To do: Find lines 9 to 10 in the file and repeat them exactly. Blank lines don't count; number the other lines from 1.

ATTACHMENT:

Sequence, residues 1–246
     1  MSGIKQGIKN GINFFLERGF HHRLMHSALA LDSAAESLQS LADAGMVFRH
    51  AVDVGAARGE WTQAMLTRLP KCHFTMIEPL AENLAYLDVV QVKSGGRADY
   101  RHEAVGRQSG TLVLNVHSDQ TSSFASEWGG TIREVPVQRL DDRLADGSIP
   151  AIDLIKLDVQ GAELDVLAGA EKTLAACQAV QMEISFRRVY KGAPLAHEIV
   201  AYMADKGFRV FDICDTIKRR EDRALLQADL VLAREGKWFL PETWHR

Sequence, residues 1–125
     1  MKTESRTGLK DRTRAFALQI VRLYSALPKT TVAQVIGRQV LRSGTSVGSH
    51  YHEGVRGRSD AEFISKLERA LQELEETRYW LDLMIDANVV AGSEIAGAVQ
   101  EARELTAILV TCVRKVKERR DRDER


    51  YHEGVRGRSD AEFISKLERA LQELEETRYW LDLMIDANVV AGSEIAGAVQ
   101  EARELTAILV TCVRKVKERR DRDER